Aurora, CO. (February 9, 2017) – Newstripe is pleased to announce the release of the new AeroVent™ Standard. This model features the same trusted design of the AeroVent 1X with a simplified economical filter.
Designed for the low-volume budget-conscience waste generator, who does not require a cycle counter or convenience of the Viz-a-Ball indicator, the AeroVent™ Standard still maintains the highest in safety standards. The totally enclosed chamber prevents potential blow back into the operators face.
The Safe2Filter carbon filter utilizes a simple check valve to close the filter when not in use for compliance with EPA, OSHA and California regulations.
For more information about the new AeroVent™ Standard, please visit www.newstripe.com.
About Newstripe, Inc.
Founded in 1981, Newstripe, Inc. is a family-owned and operated business with a global presence. Known in the industry for delivering extraordinary service, innovation and upholding a high level of standards, Newstripe continues to improve and expand their product lines. For more information, visit www.newstripe.com or call 1(800) 624-6706.
If you use aerosol cans in your home, understanding how to recycle the cans properly is essential. Aerosol cans have an environmental impact and are considered hazardous waste when the cans aren’t fully used in many locations. If you use aerosol cans, recycling them is the right thing to do for the world around you. Let’s look at how to recycle aerosol cans so you can do your part to help save the environment.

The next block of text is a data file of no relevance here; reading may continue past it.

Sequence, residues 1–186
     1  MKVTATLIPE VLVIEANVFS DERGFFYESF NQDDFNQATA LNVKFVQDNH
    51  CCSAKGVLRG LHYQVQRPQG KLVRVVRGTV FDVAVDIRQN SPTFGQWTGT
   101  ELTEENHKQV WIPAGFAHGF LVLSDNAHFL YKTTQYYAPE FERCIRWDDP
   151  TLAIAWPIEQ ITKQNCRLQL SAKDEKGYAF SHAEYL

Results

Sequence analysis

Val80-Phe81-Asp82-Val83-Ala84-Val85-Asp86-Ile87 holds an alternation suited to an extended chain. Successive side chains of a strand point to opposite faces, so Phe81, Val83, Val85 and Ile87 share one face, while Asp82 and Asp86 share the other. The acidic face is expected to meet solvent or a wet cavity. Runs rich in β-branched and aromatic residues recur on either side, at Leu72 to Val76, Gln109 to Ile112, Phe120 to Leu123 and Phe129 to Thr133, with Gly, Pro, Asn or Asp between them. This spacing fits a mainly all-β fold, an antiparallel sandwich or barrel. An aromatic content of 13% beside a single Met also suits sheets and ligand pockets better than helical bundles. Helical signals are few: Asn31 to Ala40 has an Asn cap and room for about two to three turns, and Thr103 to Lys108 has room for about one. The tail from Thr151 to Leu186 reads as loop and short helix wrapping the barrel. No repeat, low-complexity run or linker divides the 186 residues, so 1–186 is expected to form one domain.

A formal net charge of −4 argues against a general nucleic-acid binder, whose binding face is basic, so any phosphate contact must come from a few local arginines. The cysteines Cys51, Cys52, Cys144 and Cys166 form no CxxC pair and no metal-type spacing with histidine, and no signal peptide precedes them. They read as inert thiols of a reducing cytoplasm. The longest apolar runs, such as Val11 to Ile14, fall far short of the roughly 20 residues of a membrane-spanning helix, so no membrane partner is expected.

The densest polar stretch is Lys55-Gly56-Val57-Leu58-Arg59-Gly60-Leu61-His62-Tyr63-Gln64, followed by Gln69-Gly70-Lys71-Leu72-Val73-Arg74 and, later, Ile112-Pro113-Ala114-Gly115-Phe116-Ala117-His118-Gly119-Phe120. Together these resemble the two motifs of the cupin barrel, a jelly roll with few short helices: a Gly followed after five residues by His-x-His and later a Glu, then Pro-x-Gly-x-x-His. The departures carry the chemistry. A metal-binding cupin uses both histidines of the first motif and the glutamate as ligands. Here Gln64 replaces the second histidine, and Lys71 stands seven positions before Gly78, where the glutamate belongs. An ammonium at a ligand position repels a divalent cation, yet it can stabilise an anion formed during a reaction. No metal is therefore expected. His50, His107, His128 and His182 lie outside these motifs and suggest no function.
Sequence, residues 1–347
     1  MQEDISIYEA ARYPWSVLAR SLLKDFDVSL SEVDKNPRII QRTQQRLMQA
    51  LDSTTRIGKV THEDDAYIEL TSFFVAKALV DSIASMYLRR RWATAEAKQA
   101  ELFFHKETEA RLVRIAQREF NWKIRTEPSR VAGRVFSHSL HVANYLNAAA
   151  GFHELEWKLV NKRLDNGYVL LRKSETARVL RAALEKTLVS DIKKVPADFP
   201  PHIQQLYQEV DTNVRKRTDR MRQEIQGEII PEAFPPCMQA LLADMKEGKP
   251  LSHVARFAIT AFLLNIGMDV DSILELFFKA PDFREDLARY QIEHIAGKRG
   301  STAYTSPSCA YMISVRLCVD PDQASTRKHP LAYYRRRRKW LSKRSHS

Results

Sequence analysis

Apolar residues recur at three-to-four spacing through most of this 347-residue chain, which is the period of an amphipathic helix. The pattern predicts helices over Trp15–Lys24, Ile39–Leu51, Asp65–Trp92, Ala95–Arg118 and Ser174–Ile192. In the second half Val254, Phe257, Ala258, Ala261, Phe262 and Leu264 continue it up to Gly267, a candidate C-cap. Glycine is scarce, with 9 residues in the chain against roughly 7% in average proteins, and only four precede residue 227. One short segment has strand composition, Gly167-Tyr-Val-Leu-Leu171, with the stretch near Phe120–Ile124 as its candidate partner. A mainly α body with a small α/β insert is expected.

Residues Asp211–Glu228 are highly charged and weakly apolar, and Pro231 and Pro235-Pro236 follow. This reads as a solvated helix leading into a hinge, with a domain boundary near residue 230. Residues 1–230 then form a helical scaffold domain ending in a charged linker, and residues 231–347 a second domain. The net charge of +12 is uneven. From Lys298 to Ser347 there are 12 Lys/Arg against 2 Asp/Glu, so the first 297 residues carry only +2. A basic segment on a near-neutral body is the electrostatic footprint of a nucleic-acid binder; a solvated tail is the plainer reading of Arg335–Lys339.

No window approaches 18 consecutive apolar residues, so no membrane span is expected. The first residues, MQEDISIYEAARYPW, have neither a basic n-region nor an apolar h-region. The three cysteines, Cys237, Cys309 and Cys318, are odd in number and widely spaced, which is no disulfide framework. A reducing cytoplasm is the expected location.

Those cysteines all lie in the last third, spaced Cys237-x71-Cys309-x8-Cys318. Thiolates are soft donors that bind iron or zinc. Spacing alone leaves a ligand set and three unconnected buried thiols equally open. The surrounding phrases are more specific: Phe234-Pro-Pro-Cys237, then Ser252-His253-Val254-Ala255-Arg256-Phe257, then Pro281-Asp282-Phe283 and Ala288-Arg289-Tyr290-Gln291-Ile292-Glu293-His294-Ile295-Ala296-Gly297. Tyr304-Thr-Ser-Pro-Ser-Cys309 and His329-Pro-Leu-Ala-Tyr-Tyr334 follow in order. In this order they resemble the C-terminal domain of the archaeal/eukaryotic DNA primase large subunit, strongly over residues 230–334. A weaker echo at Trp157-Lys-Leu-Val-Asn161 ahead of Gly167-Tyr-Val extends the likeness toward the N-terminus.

How to Recycle Aerosol Cans Properly
Read the directions and warning on each aerosol can you buy. These instructions will tell you how to use the can, along with how it should be disposed. Since the chemicals being used in each can will vary from product to product, you may need to recycle the can differently. Make sure to follow the instructions for disposal on the can.
Make sure the can is empty by shaking it; if you don’t feel any liquid moving around, it’s empty. You can also make sure the can is empty by pressing down on the nozzle and ensuring it’s not clogged. If nothing comes out, even after shaking it, you’re safe to bring it to a recycling center for processing. As long as an aerosol can is empty, consumers assume they can throw the can in the trash. This just isn’t true. These cans should still be recycled to reduce their environmental impact.
If the can isn’t empty or you can’t tell for sure, you should take the aerosol can to a recycling center for proper disposal. Don’t try to take the nozzle off, puncture the can, or crush it at home to make to make it small. Let the recycling center use the tools at their disposal, like aerosol can crushers, to take care of the can for you.
By trying to modify the aerosol can, you can cause it to explode due to the pressurized nature of how aerosol cans work. Never throw away a partial or full aerosol can in your regular trash can either. Since the chemicals inside can be hazardous waste and impact the environment, you want to hold onto the cans in a safe place until you can bring them to a recycling center.
Not all recycling centers can recycle aerosol cans, so make sure to call ahead and ensure they can take them. In some locations, cities have specific places you can take aerosol cans and other products to be recycled. Check your city’s website or give them a call to find out where you can recycle partial or full aerosol cans safely.